Low Omo Valley is a prehistoric area near Lake Turkana. The discovery of many fossils here, especially that of Homo gracilis in the 1930s and in the period 1968 to 1976, as well as simple stone labor tools, are of fundamental importance in the research. human evolution. Along with the uniqueness of this area, it was recognized by UNESCO as a World Heritage Site in 1980.
The tribes living in the Omo valley are said to be among the most interesting tribes in Africa and in the world. There are many tribes such as Arbore, Ari, Bena, Bodi, Bumi, Daasanech, Dorze, Hamer, Kara, Konso, Kwegu, Mursi, Tsemay and Turkana living in this valley.
The last remaining tribes here are living proofs and are the ones who still keep the precious cultural features of mankind.
People living in these tribe like to paint their face with a number of patterns, each person has their own ways to make up themselves.
Older Surma people, if drawn, will follow the existing pattern; on the contrary, young people draw in all kinds of ways to express their will and interests freely. Materials for drawing are earth, pigment, ground from stones, leaves, bulbs, fruits… found in the forest. The colors are primitive but mixed into very harmonious colors, the overall look is an interesting work of art. They draw for each other. This person says his ideas and desires to the other person to draw continuously.
When they are finished, they will sing and dance to show their joy. Most of the kids don’t wear any clothes, so the drawing is also something of an “outfit”! Surma girls, in addition to drawing pictures, also wear strings or strings with snails, stones, beads and wear on top of jewelry made of leaves, feathers, dried fruit … each style.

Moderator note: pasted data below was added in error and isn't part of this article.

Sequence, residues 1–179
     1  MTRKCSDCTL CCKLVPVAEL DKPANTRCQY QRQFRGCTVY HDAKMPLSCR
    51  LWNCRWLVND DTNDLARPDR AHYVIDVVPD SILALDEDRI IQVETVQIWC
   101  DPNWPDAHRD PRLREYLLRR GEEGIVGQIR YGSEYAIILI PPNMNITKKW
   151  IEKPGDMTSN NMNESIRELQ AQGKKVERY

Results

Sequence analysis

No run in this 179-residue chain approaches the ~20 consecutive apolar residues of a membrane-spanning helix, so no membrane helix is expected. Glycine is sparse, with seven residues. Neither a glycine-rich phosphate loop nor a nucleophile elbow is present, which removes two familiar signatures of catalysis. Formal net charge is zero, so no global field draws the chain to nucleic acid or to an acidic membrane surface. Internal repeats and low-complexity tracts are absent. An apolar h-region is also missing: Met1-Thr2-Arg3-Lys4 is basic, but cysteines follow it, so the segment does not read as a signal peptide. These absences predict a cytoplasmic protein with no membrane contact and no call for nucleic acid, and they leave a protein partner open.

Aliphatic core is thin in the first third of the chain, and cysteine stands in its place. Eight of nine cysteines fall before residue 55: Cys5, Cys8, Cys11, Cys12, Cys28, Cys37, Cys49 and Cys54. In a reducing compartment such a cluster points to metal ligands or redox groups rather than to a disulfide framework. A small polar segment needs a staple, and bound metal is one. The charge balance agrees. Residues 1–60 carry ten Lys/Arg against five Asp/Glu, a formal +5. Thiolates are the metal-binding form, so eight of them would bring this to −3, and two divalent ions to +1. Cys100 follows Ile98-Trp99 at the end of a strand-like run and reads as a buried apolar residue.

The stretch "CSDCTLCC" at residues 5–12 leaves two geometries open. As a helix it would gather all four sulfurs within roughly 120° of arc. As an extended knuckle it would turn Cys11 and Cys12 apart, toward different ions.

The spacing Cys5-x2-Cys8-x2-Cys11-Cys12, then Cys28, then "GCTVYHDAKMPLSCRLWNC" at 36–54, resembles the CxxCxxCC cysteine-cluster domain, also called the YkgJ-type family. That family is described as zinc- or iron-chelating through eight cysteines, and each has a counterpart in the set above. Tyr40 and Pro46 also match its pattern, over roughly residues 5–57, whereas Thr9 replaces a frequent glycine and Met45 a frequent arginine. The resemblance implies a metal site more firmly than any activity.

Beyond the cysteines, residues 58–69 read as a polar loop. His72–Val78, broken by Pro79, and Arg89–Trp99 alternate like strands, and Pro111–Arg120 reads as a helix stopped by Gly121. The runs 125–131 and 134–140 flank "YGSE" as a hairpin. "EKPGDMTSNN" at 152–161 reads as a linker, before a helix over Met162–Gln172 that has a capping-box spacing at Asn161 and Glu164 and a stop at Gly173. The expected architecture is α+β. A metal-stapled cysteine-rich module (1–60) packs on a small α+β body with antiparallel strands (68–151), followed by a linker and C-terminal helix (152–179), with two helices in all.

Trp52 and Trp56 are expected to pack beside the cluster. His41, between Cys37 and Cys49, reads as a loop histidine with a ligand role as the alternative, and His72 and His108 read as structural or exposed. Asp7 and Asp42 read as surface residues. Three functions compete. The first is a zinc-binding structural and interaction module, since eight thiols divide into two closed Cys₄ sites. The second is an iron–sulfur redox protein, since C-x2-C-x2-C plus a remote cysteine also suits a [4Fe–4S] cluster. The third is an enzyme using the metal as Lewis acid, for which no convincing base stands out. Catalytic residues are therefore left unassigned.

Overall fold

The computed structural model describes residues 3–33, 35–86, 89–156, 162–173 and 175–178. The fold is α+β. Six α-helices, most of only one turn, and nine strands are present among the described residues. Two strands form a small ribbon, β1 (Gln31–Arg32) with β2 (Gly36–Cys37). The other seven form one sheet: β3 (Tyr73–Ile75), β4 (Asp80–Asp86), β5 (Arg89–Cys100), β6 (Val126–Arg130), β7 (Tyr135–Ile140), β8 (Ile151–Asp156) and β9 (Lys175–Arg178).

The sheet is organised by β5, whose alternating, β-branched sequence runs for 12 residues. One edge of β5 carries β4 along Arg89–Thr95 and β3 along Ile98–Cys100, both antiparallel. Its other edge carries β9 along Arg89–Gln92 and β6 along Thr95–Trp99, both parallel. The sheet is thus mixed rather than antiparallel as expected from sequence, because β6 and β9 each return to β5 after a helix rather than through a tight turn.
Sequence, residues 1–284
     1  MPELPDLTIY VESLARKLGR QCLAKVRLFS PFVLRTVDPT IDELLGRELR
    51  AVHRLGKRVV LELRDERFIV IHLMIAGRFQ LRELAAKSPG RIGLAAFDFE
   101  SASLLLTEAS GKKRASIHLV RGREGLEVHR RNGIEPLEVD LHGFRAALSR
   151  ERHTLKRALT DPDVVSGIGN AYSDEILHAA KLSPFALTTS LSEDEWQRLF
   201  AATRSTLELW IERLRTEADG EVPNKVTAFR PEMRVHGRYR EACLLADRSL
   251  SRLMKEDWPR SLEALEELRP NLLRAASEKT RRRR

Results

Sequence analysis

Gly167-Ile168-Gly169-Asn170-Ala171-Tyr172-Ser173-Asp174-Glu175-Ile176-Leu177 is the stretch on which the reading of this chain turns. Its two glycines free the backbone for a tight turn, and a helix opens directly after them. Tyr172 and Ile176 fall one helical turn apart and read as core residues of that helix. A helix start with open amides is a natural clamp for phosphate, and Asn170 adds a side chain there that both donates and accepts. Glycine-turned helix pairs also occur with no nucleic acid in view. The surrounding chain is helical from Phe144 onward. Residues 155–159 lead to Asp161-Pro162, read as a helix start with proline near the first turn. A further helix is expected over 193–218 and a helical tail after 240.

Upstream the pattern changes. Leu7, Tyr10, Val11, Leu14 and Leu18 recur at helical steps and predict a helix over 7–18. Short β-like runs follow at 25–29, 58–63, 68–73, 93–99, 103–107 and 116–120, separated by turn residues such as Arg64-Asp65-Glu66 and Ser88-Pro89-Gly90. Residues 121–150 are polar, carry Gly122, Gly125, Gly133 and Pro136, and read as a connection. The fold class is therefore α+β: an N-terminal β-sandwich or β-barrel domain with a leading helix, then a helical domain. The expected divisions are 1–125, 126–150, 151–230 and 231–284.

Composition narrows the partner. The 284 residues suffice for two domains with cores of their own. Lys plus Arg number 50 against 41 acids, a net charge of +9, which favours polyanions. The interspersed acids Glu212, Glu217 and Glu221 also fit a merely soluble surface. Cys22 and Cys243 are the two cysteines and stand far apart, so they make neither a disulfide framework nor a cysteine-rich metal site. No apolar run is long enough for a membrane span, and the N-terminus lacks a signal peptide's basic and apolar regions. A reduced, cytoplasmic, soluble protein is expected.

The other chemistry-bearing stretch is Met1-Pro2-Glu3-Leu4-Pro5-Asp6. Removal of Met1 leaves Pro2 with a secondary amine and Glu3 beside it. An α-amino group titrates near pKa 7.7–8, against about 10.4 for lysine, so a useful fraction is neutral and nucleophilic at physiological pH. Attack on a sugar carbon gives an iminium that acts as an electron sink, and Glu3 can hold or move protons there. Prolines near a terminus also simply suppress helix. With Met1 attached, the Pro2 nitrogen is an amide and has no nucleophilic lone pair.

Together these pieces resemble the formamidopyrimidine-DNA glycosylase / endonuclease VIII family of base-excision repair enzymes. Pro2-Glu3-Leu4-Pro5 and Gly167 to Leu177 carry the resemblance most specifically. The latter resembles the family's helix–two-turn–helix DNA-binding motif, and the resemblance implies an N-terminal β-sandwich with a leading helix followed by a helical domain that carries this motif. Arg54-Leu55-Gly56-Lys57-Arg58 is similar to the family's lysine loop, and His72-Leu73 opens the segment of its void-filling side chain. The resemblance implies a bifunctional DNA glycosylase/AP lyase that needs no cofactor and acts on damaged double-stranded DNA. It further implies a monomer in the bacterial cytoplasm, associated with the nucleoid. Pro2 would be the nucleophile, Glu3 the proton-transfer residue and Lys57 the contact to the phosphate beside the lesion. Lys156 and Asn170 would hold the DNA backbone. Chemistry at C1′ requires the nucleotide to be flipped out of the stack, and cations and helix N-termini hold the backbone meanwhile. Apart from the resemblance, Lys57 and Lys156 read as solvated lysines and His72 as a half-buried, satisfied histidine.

Besides painting on their own face, they also like wearing colorful beads and bracelets. Especialy, in Surma and Mursi tribe, women have tradition to wear a huge plate on their mouth as a way to attract men and it is a very helpful way in receiving dowries. The larger the plate size, the more appreciated that woman and the more dowry they earned as cattle when marrying.
Girls at the age of 15 or 16 had their lower lip cut to insert the plates. Over the years, the cutout under the lips grew larger and the insertion plate grew as well.
However, the tribes living in the Omo valley are facing the changes of the times.
The changes of modern life are beginning to invade here. A giant hydroelectric dam is building electricity on Omo’s rivers to power the vast commercial plantations. The indigenous inhabitants were forced to leave the land they were living in, the land of their ancestors from thousands of generations.
Their habitat was inherently fragile, and now everything stands on the brink of danger. Loss of land, loss of livelihoods, accompanied by the risk of annual floods destroying agricultural areas.
Tourism growth has also influenced their behavioral lifestyles, their lifestyle and worldview. If before, they only had a life based on nature, now they start earning money for each photo shoot.
It’s really rare to find out what the primitive life of this community was like.
If traditional costumes, jewelry or headgear were familiar, now they begin to put these on to serve tourists. Children are painted on their bodies, but not according to old traditions, only for visitors to take pictures.
The ceremonies were also held more often than before, becoming popular for men. In addition, there are traditional maturity ceremonies, marking a teenager that is old enough to own a family and own cattle.
When reaching adulthood, young Hamar must participate in a mandatory ritual that allows him to marry, have children and own his own herds. Young Hamar’s parents will be the one to decide when this ceremony takes place and they are usually held after the harvest.
They are also more curious about the modern items that the outside world brings. It is not sure if this has any effect on life here, but changes are inevitable.